Thinking about skipping conventional Christmas celebrations this year? Source: Shutterstock.
CHRISTMAS DAY is less than a month away, but everyone knows Christmas starts way before this – as early as mid-November for many.
Christmas really begins when coffee shops dedicate their menus to nutmeg and cinnamon drinks, shops selling bulks of light-up jumpers, and the “Why not, it is Christmas after all?” excuse liberally applied to every drink and dinner invitation.
But among the fun Yuletide-themed events where we stuff our faces with mince pies, make gingerbread houses, and write our wish lists for Santa, there is often a lot of stress associated with this time of year.
Often, the stress caused by gift shopping, turkey ordering, and negotiating vegan dinner guests.
So then, why not avoid that stress all together and escape to a place where you can enjoy someone else cooking for you and where you can take walks along a beach or up a hill without worrying about burning the turkey in the oven?
How can you escape? Well, by booking a vacation.
If you’re worried about upsetting family and friends by going away and ditching the conventional celebrations, consider ways you can remedy their disappointment.
“We’ve done loads of stuff with both of our families this year and we’ve made plans to make sure we see both of Tom’s parents and siblings as close to Christmas as possible,” Weekendtourist author Jessica Friend explained to Travel Wire Asia.
Friend, her husband Tom, her parents and brother are set to go on a three-week cruise exploring the Amazon river in Brazil over Christmas.
Originally, a version of the trip was planned for October 2017 in the Caribbea but the devastating hurricane season saw the cruise canceled. Friend and her family were given the opportunity to rebook the vacation with a huge discount, an offer too good to pass up, even if it does fall over Christmas.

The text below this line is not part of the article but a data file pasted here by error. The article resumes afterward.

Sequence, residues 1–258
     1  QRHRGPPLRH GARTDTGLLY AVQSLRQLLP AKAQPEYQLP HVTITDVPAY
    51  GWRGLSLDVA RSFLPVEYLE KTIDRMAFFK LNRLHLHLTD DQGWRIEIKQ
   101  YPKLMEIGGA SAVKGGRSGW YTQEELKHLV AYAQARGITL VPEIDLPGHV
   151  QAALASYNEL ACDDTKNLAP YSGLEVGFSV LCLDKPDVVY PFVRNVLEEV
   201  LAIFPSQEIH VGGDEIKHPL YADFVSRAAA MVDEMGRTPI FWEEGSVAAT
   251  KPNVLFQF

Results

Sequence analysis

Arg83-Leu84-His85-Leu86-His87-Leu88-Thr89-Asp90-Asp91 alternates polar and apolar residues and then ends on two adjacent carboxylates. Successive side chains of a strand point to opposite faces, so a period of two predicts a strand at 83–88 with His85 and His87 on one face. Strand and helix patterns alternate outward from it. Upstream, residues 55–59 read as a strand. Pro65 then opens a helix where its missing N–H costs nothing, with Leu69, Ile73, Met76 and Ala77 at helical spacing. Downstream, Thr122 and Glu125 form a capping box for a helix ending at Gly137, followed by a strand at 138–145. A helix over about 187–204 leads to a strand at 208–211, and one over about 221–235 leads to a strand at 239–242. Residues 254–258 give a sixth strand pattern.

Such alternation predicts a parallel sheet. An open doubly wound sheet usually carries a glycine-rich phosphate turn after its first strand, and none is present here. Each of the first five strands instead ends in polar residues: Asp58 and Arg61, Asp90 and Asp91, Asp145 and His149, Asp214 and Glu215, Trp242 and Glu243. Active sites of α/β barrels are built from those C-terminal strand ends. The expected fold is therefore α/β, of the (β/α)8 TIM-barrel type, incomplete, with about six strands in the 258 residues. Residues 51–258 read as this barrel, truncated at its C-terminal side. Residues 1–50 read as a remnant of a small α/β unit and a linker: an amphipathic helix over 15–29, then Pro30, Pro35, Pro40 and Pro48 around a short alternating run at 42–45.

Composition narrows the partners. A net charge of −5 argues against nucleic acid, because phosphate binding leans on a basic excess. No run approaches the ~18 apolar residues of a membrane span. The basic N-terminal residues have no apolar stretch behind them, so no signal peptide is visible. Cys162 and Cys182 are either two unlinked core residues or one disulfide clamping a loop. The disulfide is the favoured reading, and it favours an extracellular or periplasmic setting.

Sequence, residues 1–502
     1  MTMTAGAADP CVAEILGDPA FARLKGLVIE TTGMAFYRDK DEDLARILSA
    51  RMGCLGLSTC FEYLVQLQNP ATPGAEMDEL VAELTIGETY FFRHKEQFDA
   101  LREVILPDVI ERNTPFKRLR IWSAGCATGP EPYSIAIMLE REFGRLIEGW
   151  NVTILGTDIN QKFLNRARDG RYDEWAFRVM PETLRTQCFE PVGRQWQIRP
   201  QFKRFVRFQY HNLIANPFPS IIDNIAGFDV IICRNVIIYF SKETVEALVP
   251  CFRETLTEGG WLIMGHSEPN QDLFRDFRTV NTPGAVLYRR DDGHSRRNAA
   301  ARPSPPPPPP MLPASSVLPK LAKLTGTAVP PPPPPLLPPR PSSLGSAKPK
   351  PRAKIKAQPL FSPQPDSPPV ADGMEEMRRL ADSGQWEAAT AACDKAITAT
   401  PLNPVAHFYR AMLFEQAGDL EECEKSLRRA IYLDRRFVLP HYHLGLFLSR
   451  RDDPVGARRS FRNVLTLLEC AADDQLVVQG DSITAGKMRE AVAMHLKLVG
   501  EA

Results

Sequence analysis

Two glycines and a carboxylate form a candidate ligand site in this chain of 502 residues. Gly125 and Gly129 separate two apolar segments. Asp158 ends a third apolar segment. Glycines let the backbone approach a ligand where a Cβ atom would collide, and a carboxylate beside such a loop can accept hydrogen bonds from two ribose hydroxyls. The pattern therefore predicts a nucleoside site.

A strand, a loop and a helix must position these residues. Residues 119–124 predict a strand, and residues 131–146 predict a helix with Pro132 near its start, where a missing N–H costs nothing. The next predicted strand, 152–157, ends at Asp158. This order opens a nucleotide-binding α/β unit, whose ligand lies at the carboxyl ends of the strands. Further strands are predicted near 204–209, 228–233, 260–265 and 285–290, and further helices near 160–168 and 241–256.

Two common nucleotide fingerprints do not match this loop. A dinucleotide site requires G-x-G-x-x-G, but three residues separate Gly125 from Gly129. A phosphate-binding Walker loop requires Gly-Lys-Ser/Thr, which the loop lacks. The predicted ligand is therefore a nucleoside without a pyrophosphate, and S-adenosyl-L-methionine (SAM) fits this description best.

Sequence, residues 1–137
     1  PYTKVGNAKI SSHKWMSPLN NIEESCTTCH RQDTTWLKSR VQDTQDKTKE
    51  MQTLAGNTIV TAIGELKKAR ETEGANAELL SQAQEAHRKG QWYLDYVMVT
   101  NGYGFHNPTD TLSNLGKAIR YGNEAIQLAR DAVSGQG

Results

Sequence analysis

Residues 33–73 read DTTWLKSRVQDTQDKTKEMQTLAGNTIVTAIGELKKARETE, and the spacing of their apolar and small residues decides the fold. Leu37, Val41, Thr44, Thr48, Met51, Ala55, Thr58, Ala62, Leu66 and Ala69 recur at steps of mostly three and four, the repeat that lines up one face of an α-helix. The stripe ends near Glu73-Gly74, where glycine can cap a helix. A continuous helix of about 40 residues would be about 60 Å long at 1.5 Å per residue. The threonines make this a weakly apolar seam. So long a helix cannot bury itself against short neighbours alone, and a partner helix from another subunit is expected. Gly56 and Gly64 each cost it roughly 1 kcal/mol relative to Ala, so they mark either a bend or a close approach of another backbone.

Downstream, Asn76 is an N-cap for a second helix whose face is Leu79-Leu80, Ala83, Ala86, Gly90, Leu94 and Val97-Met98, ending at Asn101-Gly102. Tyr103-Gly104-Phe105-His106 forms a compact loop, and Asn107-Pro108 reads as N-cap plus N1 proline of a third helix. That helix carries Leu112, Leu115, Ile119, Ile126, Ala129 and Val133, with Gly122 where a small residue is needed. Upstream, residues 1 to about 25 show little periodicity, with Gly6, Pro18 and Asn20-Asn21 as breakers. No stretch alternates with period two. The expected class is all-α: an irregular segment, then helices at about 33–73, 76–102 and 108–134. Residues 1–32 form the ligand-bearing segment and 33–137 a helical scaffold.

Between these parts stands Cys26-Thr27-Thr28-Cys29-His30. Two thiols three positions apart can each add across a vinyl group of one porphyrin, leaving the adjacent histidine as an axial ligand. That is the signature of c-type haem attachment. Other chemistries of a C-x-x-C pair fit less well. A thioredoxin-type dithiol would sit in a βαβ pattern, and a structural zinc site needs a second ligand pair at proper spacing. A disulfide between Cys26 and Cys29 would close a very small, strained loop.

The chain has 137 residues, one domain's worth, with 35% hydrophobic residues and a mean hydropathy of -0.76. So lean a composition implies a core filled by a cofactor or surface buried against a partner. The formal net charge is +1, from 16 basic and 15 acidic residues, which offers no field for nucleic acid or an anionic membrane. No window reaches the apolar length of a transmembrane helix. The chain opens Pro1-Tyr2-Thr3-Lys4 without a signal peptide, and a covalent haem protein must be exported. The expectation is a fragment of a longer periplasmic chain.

Another way Friend and her family are relieving themselves of the Christmas time guilt is by hosting and attending early Christmas Day celebrations.
Friend added that having a deep love for all things Christmas helped with getting organized enough to please family and friends before abandoning conformist celebrations.
“I’m a naturally organized person, so it wasn’t really a big deal to get presents sorted before we leave.”
“Plus I really love Christmas and I’m happy to get in the festive spirit as early as possible, so we’ve been getting Xmassy [sic] since the beginning of November.”
So, if you can get all your Christmas-related tasks done before jetting off, you’ll be able to relax on your vacation without a morsel of guilt to ruin your trip.
Equally, there’s no shame in skipping Christmas altogether, as Will and Caroline from breaks.com explained to Travel Wire Asia.
The pair booked a hotel in Amsterdam for Christmas as to “not to have to do the Christmas build-up dance”.
“[We] decided to book a hotel in Amsterdam to selfishly have some time together away from the madness and expectation of family,” they added.
Expectations from family are something every Christmas celebrator is familiar with. But Will and Caroline explained that the easiest way to escape expectation is by not committing to any plans and being careful not to cancel on people.